Nation to grind to a standstill as millions tune in to England match

it is the first time that England has reached the World Cup quarter finals in more than a decade - and today millions will watch the football squad take on Sweden in the hope of moving one step closer to the final.

By The Newsroom
Saturday, 7th July 2018, 10:00 am
Updated Monday, 16th July 2018, 4:58 pm
Football Fans watching the Columbia v England World Cup game from the Spartak Stadium in Russia on the large screen in Millennium Square, Leeds, celebrate.
3 July 2018.  Picture Bruce Rollinson
Football Fans watching the Columbia v England World Cup game from the Spartak Stadium in Russia on the large screen in Millennium Square, Leeds, celebrate. 3 July 2018. Picture Bruce Rollinson

As the 3pm kick-off draws closer, the country is expected to grind to a standstill as the nation tunes in to see if the team will make it through to the semis, something England has not achieved since 1990.

Pubs and bars are expected to be packed to the brim as Gareth Southgate’s side play to stay in the competition.

But shopping streets could be abandoned, and organisers have changed the timings of other sporting events, festivals and gigs to avoid clashing with the highly-anticipated match.

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In York, the Spark collection of food, drink and retail outlets was expecting such a high turn out that it ticketed access to the site, to keep crowd numbers at a safe limit.

And in Leeds, bar The Brotherhood of Pursuits and Pastimes is anticipating a jam-packed day of trade.

Nicole Banks, the assistant general manager, said: “The phone has been going crazy since Tuesday with people trying to book tables. We’re confident the atmosphere will be second to none. It’s great to see everyone coming together and celebrating England’s success. Let’s hope they can take it all the way.”

London’s Oxford Street - one of the world’s most famous shopping destinations - is expected to be quieter than it typically would be on a Saturday afternoon, as people stay at home or gather in bars to watch the match.

Paul Barnes, director of external affairs at the New West End Company, said: “There’s no question that the World cup itself has been great for retailing.

“There’s been a big boost for retailers. There’s a feel-good factor generally, the weather’s good, the football’s making everyone feel good - they’re buying barbecues, they’re buying football strips, they’re buying big TVs.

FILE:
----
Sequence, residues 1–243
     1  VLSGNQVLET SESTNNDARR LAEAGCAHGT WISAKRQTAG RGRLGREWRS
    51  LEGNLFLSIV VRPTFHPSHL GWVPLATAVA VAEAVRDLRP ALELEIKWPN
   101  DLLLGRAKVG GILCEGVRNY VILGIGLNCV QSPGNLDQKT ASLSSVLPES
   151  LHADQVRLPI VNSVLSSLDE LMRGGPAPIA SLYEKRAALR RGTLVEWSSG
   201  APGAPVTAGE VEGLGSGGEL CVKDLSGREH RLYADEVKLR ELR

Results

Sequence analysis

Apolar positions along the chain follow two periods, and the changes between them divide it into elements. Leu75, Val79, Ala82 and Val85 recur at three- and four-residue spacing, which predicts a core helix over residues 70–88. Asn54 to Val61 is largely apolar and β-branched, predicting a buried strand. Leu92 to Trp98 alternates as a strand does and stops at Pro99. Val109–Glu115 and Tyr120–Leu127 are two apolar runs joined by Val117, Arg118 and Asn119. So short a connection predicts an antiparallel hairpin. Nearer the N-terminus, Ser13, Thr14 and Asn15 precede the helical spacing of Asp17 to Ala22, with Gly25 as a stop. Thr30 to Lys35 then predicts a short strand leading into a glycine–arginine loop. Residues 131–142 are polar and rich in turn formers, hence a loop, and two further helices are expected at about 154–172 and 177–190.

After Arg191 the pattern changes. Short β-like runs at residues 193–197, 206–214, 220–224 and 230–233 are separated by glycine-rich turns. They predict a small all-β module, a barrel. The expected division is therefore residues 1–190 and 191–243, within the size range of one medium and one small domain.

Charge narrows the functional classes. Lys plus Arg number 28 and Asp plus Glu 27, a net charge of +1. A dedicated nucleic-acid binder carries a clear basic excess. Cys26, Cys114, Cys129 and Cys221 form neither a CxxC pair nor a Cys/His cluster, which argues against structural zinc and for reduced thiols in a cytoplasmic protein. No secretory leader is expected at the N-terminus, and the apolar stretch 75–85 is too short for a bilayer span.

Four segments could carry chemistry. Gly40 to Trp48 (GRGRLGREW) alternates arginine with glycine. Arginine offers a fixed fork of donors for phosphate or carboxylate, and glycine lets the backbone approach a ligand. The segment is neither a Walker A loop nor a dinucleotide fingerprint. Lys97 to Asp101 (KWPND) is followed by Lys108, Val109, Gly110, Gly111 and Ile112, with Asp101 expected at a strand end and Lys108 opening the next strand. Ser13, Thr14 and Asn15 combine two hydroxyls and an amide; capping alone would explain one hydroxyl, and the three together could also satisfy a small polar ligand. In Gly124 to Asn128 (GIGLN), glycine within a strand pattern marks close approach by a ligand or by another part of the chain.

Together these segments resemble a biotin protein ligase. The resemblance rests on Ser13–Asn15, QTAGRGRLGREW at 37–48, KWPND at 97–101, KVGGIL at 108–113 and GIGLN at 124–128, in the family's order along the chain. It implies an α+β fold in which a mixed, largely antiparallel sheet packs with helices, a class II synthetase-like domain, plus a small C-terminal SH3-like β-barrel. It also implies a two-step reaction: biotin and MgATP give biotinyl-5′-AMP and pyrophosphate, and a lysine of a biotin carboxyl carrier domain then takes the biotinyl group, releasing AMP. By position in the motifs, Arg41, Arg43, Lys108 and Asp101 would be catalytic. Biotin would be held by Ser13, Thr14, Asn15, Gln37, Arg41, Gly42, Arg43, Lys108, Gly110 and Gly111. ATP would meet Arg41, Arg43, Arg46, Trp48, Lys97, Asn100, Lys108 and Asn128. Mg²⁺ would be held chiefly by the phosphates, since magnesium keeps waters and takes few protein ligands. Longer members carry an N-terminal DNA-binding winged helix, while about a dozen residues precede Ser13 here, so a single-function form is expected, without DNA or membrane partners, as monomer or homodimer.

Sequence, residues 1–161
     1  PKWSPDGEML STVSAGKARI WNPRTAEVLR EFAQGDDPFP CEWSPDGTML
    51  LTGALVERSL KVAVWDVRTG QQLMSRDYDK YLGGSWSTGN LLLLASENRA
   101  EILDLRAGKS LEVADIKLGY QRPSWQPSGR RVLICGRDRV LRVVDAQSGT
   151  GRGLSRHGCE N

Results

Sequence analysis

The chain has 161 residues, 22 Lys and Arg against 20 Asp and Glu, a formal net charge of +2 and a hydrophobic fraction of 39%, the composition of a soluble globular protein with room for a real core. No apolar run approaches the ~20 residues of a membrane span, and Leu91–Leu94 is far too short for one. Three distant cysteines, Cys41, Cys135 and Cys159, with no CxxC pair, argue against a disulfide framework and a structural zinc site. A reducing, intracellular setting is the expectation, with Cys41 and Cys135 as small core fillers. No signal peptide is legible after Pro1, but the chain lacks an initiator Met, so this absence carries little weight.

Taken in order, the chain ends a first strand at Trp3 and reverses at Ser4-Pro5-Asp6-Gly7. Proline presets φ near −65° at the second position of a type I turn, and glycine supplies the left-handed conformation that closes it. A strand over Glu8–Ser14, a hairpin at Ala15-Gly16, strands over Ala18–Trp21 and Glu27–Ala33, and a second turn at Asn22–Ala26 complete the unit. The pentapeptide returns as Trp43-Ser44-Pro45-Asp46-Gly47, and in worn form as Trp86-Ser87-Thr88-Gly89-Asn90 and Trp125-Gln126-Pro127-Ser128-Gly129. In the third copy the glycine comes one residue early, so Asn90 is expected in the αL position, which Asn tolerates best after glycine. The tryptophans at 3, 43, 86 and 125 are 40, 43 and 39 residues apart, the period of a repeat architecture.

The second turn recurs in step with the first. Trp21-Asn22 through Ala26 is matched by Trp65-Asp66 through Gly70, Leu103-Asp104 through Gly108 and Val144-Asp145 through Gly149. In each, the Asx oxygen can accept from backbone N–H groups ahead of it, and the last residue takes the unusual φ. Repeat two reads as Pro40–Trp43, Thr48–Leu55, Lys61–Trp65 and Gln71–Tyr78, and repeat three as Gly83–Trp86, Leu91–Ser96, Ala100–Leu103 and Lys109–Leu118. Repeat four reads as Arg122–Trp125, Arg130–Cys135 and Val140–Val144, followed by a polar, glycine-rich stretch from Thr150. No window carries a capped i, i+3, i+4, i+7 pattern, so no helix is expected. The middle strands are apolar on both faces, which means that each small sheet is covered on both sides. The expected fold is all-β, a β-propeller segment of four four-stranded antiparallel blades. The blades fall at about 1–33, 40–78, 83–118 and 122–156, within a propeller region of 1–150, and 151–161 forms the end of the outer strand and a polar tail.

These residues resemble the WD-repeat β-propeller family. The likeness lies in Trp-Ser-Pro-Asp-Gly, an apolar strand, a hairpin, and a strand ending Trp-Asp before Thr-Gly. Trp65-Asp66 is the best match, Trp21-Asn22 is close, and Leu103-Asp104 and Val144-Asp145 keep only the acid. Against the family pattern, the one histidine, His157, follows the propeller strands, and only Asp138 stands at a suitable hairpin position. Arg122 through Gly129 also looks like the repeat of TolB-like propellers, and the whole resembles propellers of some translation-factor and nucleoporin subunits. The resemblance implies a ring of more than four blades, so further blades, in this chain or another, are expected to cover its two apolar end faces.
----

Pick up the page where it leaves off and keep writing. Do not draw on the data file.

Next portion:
“So there’s been a boost because of that. On the issue of the actual day, then of course a lot of people stay in and watch the match so we probably expect there to be fewer people around in the West End shopping.”

Closer to home, Dan Wharton, Marketing Manager at Trinity Leeds shopping centre said shoppers had still been paying a visit during the football fever.

He said: “We’ve installed a super-sized screen at Trinity Kitchen showing all the big games to make sure shoppers and diners don’t miss any of the World Cup action.

“It’s proved a big draw, as has our World Cup offer where diners get a free beer for every goal England scores.”

International consumer company Kantar Worldpanel predicted earlier in the week that the game could generate £860 million of grocery sales yesterday and today, as people stocked up on barbecue food and alcohol for the sunny match weekend.

A number of village and school fetes across the country, as well as festivals and cricket games, have made changes to schedules to accommodate the game. And some events have announced that the match will be streamed, meaning that football is likely to be the focus for 90 minutes.

Meanwhile, a kebab shop worker has become a hit with football fans for bearing a resemblance to Premier League star Mohamed Salah.

Erik Tekelyan, 20, works 24-hour shifts in the Oazis restaurant in Samara, Russia which has been busy with supporters who have flooded into the city for the World Cup.

He said he was not aware of the Egypt and Liverpool star until he was told of his likeness, but is delighted with the comparison. And he backed England to win the tournament. “I hope the best one wins,” he said. “I always say who’s the best, but I’ll be honest, either England or Belgium.”